James Bond actors at Madame Tussaud's

British creatives in the limelight as politicians search for good news on growth  

Date: March 13, 2024.
Audio Reading Time:

It was another great Oscar night for the British, with a string of awards highlighting the strength of the creative industries in an otherwise stagnating UK economy.

A total of seven prizes, including for best director and best international feature film, fulfilled the pre-ceremony optimism of production designer Sarah Greenwood that “in the UK, we are renowned for amazing craftsmanship and amazing dedication and I think it really shows”.

Greenwood worked on Barbie, the highest grossing film of 2023 that Warner Bros had told a parliamentary committee added £80 million to the UK economy by creating 685 jobs, employing more than 6,000 extras and supporting more than 700 local businesses near its UK studio.

Film is just one branch of a creative industries sector that has grown at more than 1.5 times the rate of the wider economy over the past decade.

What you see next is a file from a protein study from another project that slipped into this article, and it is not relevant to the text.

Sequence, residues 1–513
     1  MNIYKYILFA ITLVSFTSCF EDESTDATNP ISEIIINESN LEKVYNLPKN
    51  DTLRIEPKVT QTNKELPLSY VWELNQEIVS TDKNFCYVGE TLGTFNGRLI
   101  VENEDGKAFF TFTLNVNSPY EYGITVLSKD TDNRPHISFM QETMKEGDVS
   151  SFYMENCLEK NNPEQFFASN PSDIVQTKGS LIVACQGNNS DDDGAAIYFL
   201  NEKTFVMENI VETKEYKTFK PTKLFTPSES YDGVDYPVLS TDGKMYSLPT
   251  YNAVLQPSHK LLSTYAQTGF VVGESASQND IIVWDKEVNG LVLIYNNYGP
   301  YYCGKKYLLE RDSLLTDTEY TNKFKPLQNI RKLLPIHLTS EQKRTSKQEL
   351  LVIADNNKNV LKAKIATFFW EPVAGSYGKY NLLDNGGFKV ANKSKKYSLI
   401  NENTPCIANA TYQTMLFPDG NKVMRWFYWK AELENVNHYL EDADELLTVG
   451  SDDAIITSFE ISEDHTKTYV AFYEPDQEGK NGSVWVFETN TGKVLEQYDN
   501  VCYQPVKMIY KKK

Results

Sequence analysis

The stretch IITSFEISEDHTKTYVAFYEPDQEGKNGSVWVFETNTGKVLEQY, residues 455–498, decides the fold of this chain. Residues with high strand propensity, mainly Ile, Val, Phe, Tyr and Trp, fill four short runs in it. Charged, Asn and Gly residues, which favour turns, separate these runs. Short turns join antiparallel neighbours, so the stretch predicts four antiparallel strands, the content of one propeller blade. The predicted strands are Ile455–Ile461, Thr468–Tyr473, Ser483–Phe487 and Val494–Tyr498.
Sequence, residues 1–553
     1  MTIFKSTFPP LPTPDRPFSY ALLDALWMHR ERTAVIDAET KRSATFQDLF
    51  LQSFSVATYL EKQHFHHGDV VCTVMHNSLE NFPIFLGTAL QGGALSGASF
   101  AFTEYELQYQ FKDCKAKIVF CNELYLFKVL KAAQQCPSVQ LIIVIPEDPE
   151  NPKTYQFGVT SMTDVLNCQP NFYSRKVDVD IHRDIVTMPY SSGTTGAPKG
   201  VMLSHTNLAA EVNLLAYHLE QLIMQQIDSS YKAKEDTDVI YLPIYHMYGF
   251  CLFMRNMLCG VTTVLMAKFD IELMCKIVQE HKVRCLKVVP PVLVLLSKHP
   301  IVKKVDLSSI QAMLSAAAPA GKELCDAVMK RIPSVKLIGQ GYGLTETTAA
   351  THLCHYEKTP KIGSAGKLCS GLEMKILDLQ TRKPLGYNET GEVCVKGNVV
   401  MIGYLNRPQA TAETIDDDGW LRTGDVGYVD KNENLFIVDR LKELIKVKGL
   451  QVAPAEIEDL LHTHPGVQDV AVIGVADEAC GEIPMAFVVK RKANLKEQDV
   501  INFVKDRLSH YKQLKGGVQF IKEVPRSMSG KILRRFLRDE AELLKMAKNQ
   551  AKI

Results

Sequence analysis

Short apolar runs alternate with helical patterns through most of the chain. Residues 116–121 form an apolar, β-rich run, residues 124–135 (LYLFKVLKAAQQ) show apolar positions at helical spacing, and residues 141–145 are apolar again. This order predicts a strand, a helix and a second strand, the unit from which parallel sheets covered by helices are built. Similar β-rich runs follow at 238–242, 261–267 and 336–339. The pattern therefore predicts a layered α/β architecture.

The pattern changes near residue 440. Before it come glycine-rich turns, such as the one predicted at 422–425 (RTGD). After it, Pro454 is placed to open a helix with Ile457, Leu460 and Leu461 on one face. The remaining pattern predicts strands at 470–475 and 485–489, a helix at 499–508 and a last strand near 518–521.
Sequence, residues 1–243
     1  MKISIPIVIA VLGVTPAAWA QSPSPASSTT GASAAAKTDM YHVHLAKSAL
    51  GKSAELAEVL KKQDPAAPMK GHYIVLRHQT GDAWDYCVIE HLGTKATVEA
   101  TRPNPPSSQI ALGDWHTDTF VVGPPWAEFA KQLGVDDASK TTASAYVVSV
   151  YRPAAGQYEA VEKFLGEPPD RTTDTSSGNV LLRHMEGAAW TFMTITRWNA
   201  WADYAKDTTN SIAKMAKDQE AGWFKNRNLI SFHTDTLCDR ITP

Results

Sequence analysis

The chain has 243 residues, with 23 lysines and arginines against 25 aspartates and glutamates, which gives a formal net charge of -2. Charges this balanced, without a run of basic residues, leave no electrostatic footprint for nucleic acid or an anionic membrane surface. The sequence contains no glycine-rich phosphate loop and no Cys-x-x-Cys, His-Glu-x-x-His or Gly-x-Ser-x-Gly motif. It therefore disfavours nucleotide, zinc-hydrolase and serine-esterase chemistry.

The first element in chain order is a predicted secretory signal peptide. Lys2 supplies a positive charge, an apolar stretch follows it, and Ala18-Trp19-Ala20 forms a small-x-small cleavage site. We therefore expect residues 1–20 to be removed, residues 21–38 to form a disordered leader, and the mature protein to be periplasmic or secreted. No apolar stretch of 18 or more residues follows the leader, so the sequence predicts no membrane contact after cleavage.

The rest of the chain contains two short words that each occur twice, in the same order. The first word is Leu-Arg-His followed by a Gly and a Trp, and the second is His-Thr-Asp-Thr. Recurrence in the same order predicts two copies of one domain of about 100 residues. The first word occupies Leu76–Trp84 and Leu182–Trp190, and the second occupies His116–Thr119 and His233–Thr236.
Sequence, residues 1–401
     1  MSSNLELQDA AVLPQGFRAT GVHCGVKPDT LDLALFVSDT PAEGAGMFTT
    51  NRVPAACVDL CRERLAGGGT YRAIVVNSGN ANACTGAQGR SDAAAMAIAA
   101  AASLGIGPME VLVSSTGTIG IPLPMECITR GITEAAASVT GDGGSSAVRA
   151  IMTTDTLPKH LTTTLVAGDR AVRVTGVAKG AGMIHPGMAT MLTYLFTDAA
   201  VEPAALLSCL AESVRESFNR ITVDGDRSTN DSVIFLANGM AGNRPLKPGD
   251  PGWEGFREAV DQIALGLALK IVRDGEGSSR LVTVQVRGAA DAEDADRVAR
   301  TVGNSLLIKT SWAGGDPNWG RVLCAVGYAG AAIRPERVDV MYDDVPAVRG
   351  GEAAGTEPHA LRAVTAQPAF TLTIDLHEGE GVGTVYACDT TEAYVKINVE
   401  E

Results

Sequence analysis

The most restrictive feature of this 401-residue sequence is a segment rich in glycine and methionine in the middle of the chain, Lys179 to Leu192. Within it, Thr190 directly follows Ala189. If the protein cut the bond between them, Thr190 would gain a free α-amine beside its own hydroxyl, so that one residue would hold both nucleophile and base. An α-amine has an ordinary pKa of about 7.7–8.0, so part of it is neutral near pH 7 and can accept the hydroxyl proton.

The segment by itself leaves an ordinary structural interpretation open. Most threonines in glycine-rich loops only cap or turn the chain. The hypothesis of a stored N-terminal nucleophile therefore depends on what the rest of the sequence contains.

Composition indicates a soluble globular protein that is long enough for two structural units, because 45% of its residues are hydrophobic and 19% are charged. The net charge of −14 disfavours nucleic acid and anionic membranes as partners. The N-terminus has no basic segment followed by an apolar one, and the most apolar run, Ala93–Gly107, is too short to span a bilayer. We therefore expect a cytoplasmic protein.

Lucy Frazer, the culture secretary, told parliament this week: “The creative industries do not just enrich our lives; they enrich the nation’s finances, and they are an economic powerhouse.” She said the sector was growing at twice the rate of the rest of the economy, provided more than two million jobs, and was worth £124 billion to the economy in the last year alone.

In a mid-2023 update to a policy paper on the future of the sector, Prime Minister Rishi Sunak said his ambition was to add an extra £50 billion and one million jobs to those numbers by 2030.

Positive trade balance of £25 billion

Creative industries is a broad category that ranges from advertising to architecture as well as embracing culture, television and the physical arts. The big drivers are IT and computer services, which help to push up an overall input that accounts for almost six per cent of the UK economy.